We tend to associate Italy with pasta and pizza, and we eat our fair share of both, but there is far more on the menu in Italy than just that. Although, I confess to eating more than my share of quattro fromage pizza when I lived there for six months, skiing in the mountains north of Lake Como. Thankfully, powering down the slopes counteracted our consumption. We shopped at the local village, drank grappa from flaming jugs, took freshly made fontina cheese and hot bread up the mountains for a quick lunch and indulged in pizzoccherie (a local dish made up of a massive amount of garlic, pasta, potatoes, olive oil, cabbage and parmesan cheese). What fun it was.
Thinking about Italy and the wonderful food experiences sends me off into dreamland - there are so many wonderful dishes. One fond memory is of a fabulous Italian mamma who became a good friend. She would cook over a single element, combining a load of garlic with her homemade pasta, eggs, herbs and parmesan cheese to make the best carbonara I have ever eaten. She was very insistent that we did not enter her kitchen, it was her domain.
From there she would fire orders at us to get herbs from the garden and open the vino ... It would all come together for a relaxing long lunch outside in the garden under the grapevines. Lots of laughter, lashings of wine, cheese and fruit.
Rather than pasta, I've gone for an Italian beef stew - simple and tasty, the bacon adds a subtle, smoky flavour. Porcini mushrooms you will find at specialty shops but if you can't source them, simply use fresh mushrooms.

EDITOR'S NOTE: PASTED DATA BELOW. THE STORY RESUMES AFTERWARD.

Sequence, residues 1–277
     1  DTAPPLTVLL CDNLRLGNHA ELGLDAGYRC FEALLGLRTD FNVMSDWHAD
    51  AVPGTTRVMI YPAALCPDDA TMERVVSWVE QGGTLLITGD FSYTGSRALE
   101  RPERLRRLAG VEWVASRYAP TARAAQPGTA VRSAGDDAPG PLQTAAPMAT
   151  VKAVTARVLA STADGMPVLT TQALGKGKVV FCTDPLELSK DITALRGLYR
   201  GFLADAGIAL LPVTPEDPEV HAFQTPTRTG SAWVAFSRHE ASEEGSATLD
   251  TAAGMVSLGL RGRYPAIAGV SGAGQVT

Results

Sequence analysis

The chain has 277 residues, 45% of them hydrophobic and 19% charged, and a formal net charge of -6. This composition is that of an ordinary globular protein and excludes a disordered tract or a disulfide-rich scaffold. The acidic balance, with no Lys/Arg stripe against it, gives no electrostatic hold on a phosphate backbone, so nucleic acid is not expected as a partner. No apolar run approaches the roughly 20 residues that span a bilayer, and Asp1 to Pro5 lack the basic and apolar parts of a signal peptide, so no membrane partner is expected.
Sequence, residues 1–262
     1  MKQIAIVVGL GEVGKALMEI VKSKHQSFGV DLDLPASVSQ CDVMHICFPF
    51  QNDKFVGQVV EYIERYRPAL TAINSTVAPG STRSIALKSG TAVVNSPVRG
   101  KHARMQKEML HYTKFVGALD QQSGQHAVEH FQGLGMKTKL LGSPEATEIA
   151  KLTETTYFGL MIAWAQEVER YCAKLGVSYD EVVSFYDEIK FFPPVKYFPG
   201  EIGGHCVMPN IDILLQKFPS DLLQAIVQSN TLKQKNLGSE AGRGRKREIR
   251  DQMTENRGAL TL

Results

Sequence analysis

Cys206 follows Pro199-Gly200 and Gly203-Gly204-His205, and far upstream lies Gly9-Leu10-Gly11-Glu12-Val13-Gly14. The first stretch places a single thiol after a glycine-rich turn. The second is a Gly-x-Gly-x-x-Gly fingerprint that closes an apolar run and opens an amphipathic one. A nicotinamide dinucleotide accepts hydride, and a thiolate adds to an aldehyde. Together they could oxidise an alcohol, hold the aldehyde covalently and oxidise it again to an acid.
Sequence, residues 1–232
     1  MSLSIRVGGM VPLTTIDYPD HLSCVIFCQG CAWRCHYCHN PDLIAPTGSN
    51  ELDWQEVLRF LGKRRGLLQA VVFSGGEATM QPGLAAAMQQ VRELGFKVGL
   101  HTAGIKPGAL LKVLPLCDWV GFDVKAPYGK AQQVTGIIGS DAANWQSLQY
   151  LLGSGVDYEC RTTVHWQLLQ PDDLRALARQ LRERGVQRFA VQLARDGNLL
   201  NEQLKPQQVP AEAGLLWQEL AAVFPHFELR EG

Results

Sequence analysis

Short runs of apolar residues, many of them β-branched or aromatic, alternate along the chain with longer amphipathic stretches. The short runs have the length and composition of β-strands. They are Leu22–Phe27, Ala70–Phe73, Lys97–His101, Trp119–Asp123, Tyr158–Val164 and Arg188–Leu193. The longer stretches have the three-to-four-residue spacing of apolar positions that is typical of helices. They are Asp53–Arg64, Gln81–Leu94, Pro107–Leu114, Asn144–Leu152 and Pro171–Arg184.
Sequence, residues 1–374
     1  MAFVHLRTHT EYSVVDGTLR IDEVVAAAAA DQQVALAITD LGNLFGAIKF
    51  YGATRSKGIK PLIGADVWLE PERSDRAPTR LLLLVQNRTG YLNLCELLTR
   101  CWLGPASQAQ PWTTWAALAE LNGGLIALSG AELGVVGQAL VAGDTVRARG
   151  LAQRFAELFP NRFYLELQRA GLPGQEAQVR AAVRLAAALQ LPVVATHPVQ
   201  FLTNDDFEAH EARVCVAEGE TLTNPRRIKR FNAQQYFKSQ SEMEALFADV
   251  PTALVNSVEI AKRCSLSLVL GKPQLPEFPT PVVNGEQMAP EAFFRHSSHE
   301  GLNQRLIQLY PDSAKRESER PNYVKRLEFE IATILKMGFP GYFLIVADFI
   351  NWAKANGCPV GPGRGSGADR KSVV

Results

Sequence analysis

This is delicious with polenta, which is as easy to make as your morning porridge. Hot and creamy, it's the perfect accompaniment to the stew. Just be sure to serve it immediately or it will start to thicken.
When you have mastered this, you can add cream, cheese and herbs for different flavours. Also try cooling your polenta then slicing it into chips and frying. Serve these with a scrummy tomatoes and olive sauce for a delicious snack on a cold winter's afternoon.
For something a little lighter, the ricotta, blue cheese and herbs tart is a must. Serve it warm with a side salad. Traditionally, Italian side salads are simple; fresh wild greens tossed with a flavoured oil, such as walnut or lemon.
Top of my dessert list in Italy would have to be tiramisu, closely followed by zabaglione (a warm egg yolk and masala custard, fluffy and light, cooked over water). Tiramisu is great for a big gathering. Double the recipe and eat leftovers for breakfast. Buon appetito.
For more of Angela Casley's fabulous recipes, visit foodhub.co.nz